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Illustration by Rowan Ford

Published Thursday, February 20th, 2014

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Baby Shoes

My husband Gerald used to utter prophecies over my belly. "He's going to be a soccer star, and win Singapore the World Cup," he'd proclaim, nuzzling his cheek against my rounded navel. Or: "She's going to be a prima ballerina." "He'll be an F1 race car driver." "She'll be a Shaolin kung fu master."

My husband Gerald used to utter prophecies over my belly. “He’s going to be a soccer star, and win Singapore the World Cup,” he’d proclaim, nuzzling his cheek against my rounded navel. Or: “She’s going to be a prima ballerina.” “He’ll be an F1 race car driver.” “She’ll be a Shaolin kung fu master.”
 

As a result, he was pretty upset when the doctor examined my ultrasound and said, “Congratulations, Mrs Tan. You’re going to have a healthy baby boy. But he won’t have any feet.”
 

I was secretly a little pleased by this announcement. I’d always known my child would be special. This was partly a mother’s intuition, and partly because I’d been cursed by a bomoh at the age of five, when I’d poked by bum out my seventh floor window and urinated on his laundry line.
 

Gerald, of course, was moaning and beating his breast and rending his clothes at this point, so I had to hold him and feign a few crocodile tears. “Be strong,” I told him. Meanwhile, all I could think of was how much easier parenting would be, now that it was physically impossible for my kid to run away. Putting on diapers might also be less tricky, I mused to myself. No worries about teaching him how to walk, either. Likewise, not much chance of him falling down and breaking his nose. I might even be able to pop him into a pouch and carry him everywhere I went, just like a kangaroo.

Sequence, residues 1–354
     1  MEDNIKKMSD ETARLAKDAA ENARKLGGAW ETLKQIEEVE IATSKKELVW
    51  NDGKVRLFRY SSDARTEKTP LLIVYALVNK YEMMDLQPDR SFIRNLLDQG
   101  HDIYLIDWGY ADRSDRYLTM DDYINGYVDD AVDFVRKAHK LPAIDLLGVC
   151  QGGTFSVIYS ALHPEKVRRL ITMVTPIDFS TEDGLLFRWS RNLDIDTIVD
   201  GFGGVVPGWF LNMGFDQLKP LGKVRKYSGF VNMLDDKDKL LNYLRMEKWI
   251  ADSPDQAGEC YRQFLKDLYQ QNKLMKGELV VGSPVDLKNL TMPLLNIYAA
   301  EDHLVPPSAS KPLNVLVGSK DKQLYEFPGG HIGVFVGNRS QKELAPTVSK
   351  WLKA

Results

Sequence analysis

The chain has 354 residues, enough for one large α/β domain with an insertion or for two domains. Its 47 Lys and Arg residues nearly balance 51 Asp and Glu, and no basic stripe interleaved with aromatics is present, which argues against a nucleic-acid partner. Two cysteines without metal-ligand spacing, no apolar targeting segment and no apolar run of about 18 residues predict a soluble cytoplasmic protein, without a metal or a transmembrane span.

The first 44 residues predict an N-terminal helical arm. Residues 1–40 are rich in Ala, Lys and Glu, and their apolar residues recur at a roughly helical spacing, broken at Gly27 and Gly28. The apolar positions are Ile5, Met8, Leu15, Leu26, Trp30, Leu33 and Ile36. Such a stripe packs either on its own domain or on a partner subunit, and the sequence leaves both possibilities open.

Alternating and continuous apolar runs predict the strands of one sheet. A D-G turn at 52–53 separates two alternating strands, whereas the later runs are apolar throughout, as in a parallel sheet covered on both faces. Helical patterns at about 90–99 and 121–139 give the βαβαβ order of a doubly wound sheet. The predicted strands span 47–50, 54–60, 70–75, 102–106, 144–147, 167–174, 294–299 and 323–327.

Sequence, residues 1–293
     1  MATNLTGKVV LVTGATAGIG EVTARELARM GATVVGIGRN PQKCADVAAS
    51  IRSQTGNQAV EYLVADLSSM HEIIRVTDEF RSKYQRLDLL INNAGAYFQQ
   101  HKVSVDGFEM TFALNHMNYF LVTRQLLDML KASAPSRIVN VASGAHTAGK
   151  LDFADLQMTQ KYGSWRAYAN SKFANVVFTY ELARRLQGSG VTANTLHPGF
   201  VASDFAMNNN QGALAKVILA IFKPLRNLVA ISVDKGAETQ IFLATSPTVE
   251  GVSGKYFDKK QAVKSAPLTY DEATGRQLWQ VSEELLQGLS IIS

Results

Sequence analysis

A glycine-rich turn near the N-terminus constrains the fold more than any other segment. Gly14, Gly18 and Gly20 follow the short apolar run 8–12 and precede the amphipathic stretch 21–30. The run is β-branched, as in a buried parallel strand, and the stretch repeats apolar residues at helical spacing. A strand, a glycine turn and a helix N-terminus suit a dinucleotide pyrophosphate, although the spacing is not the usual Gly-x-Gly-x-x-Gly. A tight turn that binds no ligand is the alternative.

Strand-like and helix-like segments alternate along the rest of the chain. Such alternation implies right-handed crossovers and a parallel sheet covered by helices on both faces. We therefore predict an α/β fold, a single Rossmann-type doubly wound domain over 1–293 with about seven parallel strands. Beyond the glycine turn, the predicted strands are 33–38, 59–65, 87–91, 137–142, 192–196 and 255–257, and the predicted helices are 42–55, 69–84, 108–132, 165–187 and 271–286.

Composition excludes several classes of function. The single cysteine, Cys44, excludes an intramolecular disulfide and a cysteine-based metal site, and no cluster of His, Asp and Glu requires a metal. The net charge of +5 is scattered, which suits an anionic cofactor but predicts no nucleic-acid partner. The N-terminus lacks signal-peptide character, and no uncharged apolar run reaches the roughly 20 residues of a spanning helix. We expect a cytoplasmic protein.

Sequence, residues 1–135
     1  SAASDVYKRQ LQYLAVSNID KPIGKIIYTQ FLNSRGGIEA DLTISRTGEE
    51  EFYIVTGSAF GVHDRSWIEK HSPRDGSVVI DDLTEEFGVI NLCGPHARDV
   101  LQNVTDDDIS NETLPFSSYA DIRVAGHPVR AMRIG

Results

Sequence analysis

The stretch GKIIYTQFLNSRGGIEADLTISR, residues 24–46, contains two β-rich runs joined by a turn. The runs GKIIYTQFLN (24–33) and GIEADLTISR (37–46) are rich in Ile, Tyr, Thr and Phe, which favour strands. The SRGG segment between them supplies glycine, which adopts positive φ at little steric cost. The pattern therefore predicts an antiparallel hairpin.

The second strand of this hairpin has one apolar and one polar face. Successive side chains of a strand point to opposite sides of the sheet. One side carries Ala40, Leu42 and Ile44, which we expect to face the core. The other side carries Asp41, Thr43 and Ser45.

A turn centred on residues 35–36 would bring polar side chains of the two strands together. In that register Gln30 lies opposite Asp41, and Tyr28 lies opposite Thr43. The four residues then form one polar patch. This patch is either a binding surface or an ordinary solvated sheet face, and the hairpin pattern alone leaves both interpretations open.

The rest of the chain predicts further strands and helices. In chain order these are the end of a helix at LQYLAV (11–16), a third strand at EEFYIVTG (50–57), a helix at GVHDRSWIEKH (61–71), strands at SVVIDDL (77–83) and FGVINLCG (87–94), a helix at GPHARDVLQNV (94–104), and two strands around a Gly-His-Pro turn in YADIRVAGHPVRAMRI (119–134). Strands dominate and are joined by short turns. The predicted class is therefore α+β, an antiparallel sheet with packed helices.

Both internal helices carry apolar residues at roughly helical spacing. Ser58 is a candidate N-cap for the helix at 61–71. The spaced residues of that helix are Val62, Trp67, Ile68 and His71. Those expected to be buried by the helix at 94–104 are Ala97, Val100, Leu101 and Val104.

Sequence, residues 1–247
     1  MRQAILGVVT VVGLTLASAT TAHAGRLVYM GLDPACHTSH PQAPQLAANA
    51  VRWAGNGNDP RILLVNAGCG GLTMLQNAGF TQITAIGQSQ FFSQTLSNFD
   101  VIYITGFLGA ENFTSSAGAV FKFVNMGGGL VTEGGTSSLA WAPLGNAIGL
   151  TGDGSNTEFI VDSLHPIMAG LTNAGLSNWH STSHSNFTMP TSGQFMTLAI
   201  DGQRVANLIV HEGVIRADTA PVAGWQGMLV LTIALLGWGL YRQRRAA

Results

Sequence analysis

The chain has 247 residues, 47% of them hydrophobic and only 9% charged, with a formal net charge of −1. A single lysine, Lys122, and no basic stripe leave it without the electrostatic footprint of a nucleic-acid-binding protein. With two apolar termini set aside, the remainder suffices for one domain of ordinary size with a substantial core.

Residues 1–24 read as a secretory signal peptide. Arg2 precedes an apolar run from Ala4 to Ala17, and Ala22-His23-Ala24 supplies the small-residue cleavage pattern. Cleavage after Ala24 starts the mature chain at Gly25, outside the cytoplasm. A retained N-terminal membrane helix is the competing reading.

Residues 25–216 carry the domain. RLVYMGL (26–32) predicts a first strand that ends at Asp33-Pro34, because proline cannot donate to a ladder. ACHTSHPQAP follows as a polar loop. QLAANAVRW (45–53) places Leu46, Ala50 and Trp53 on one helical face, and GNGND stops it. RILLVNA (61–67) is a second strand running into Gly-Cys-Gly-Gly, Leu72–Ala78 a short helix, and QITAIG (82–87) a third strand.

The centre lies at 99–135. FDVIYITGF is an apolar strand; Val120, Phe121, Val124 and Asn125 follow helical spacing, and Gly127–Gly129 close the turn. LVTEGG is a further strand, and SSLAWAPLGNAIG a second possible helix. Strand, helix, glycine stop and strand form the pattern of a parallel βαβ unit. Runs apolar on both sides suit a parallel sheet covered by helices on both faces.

The next few days at home were pretty horrendous, until I had the bright idea of encouraging Gerald to drink away his problems. He’d always been a lightweight, so after a bit of yelling and spilling and smashing of cups and plates, he was flat on the sofa, snoring like a buzzsaw, and I could focus on my Excel spreadsheets and Korean teledramas.
 

The beer, however, had the unfortunate side effect of giving him visions. He’d get up in the middle of the night and in the morning I’d discover reams and reams of blueprints all over the living room floor. I didn’t want to give him the satisfaction, but eventually my curiosity got the better of me. “What the hell are you making?” I asked him sweetly one morning over our usual coffee and kaya toast.
 

“Accessibility track,” he answered, grinning from ear to ear. The effect was so disturbing that my water broke, right there and then, frightening the cat.
 

It was actually a pretty easy birth, which I personally found disappointing after all the hype. But perhaps it was to be expected, since I was all drugged up, and my son had such a spectacularly streamlined shape anyway, his hips ending in a lovely long tail like a merman, or maybe a teardrop, or maybe Casper the Friendly Ghost.